Ian Randall Wilson is an author, and professor at UCLA Extension. For those of you committed to winning this year (you can do it!), read on for his advice on how to reach the goal you’ve set:
NaNoWriMo is not far away and for the seventh year, I’ll be running a class at UCLA Extension called: Write a Novel in a Month as Part of National Novel Writing Month. People come with many different levels of experience. Some are working writers, others are graduates of MFA programs, many have never written much at all. They’ve been thinking about writing a novel for a long time but can’t get started. They’ve tried and never finished. They think they have nothing to write about. The common linkage is that this time, they’re going to succeed.
My success rate has been excellent: 84% finishing (while the international average completion rate for NaNoWriMo is around 19%). How does this happen? Why would anyone pay for a class to sit and write a novel?
We write in a pack to support each other; the sound of others writing spurs everyone on.
We write in a pack to encourage public success and prevent private failure.
We pay for the class because spending that money is a powerful motivator. (If you’re not paying for a class, then donating to NaNoWriMo is just as motivational).
We acknowledge the possibility of failure as a powerful motivator.
We know that success by finishing is a powerful motivator.
Having a “coach” (and “cheerleader”) provides support and reinforcement and motivation.
Having a set schedule is a powerful tool.
Keeping track of a daily word count is a powerful tool.
So here are a few tips to help you in your quest to complete this year’s NaNoWriMo challenge:
- Register at NaNoWriMo and put in your word count every day and watch it rise.
- Cut your TV-watching and internet-surfing. Change your Facebook status to “writing” and sign off. No Tweeting.
- Tell a group of friends you’re undertaking the challenge. Email them your word count every day.
- Better yet, enlist those friends to take the challenge with you. Exchange word counts by email every day. Cheer each other on.
- No judgments. You aren’t writing the Great American Novel, you’re writing a first draft. Don’t worry about whether or not it’s any “good.” You’re in no position to decide. Keep writing. Write with a Zen mindset, putting down whatever word comes to mind without consideration of its value in a critical sense.
- Write disruption. Disrupt the normal everyday life of a character. Write about the disruption and then write about the attempt to restore balance. These disruptions can be small: “My wife is mad at me because I was late.” Average: “I’ve lost my job, what now?” Or galactic: “The world is coming to an end in three days and only I can stop this calamity.”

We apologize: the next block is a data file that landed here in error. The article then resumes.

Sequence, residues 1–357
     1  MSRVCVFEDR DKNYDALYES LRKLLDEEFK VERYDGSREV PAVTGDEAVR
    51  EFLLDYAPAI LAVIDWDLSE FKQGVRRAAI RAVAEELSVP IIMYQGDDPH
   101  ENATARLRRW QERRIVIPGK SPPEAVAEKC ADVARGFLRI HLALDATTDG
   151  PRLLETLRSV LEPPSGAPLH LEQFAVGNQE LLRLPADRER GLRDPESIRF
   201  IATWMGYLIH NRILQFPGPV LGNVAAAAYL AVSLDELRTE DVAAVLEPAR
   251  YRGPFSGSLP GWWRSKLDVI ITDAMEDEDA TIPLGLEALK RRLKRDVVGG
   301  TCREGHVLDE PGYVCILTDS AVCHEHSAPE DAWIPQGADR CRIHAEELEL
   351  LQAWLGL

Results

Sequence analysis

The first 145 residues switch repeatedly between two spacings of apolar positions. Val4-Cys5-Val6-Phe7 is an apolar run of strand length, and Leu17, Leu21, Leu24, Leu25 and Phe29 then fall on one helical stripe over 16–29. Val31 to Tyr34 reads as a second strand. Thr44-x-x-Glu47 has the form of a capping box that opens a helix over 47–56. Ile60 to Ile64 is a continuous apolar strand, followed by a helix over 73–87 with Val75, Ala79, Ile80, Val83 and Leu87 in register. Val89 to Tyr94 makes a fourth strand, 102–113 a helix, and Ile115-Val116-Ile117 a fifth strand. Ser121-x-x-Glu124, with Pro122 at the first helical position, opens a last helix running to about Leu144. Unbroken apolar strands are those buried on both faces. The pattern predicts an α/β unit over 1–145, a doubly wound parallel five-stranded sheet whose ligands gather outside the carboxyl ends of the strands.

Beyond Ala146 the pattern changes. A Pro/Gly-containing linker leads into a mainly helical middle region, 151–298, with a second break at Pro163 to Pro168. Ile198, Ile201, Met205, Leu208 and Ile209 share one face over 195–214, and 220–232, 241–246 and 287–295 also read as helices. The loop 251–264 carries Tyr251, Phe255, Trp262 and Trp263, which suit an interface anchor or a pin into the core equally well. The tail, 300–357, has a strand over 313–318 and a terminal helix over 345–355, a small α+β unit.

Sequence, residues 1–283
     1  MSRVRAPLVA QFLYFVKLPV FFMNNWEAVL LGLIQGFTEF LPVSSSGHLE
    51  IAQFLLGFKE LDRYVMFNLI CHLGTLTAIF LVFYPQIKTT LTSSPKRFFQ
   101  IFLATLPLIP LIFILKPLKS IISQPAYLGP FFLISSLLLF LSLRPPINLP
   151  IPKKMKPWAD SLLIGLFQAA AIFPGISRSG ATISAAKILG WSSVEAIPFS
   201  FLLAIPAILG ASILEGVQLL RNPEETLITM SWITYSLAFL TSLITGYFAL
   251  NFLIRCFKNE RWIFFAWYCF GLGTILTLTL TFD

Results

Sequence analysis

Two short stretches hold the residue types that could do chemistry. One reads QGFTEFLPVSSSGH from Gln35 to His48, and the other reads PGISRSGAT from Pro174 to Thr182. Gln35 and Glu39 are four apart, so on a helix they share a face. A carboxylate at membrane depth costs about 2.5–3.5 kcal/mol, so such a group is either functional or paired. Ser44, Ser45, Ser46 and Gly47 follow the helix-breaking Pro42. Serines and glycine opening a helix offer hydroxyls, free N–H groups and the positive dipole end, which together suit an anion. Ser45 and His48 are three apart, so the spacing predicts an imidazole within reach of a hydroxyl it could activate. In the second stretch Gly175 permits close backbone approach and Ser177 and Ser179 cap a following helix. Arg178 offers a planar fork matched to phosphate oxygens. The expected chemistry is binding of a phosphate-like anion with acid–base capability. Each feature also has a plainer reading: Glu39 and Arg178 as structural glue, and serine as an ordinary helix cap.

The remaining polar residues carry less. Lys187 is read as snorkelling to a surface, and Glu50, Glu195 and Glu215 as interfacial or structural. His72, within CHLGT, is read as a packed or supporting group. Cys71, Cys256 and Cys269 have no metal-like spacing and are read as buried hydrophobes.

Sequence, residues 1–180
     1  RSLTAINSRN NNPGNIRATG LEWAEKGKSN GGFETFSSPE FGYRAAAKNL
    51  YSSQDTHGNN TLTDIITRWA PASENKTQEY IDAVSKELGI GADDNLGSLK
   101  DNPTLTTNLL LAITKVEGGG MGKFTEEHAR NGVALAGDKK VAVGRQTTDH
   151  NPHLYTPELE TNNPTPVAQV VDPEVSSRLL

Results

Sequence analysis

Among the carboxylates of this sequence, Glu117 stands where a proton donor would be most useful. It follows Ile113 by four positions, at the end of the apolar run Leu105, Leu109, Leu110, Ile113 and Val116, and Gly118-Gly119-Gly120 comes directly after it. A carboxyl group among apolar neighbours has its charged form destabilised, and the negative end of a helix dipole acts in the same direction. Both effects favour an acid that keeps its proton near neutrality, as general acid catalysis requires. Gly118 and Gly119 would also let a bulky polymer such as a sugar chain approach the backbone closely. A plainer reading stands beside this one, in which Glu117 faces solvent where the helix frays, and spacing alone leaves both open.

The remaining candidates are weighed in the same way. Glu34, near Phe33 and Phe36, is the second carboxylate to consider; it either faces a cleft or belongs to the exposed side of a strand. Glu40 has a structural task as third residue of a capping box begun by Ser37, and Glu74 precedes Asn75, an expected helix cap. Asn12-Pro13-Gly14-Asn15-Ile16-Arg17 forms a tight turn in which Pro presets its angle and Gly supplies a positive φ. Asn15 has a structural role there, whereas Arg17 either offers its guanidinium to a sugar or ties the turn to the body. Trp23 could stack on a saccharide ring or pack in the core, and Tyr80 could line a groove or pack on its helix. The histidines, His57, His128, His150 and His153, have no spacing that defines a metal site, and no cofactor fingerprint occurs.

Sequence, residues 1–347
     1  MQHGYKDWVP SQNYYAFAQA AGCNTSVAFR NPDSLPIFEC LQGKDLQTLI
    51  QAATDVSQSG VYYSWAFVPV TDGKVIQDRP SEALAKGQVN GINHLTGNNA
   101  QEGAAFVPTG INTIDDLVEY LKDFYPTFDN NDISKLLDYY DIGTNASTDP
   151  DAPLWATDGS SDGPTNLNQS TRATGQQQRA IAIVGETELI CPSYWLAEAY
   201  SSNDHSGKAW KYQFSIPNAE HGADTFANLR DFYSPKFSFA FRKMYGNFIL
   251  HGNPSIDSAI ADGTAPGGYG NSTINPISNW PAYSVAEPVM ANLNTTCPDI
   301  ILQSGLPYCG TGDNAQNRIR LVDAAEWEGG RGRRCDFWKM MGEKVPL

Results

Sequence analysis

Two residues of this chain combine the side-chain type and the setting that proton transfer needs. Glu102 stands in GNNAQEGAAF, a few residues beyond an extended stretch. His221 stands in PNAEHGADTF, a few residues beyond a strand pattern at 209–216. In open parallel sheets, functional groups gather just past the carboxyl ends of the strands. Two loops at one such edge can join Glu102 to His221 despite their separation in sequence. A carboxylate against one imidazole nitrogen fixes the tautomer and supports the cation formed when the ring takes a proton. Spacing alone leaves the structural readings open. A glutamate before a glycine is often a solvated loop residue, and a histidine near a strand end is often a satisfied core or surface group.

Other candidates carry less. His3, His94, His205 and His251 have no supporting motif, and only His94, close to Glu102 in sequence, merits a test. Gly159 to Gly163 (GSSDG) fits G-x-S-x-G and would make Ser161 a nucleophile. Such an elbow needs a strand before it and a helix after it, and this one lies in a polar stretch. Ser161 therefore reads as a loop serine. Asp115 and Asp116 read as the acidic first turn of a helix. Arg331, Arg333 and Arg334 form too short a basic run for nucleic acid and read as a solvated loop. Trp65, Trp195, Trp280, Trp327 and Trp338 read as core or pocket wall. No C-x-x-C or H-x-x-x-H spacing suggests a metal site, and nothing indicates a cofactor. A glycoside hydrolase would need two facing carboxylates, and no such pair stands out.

- Stuck? Try Description Exercise 1: Write 2,000 words about the room your character is in.
- Stuck? Try Description Exercise 2: Write 2000 words about the house and the grounds of the house your character currently lives in (or lived in, or wishes they lived in).
- Stuck? Become a journalist: What is in your character’s possession that can be described and listed? In your character’s desk drawer. A closet. A backpack. A car trunk. A garage. Write 2000 words.
- Stuck? Become a journalist: Send your character to an event (party, family gathering, political rally, concert). Focus on what happens, who is there, what the place looks like in specific detail. Write 2000 words.
- Go forward, do not go back. Tape over the backspace key for the entire month. Do not erase anything. Do not revise anything. Do not start again. During the month of November suspend all critical judgments.
I can tell you that the look of elation on the participants faces when they tell me they’ve finished the draft was amazing and priceless. These writers are now novelists. Ahead is the hard road of revision but that’s all part of the process. It’s that look on their face that keeps me going each year. Good luck, everyone.
What’s the best advice you’ve given or received about writing?
Ian Randall Wilson is the author of the novella, Great Things Are Coming and the short story collections, Absolute Knowledge: Stories and Hunger and Other Stories (Hollyridge Press). He teaches class in writing fiction at the UCLA Extension.
Find out more about Ian and his class: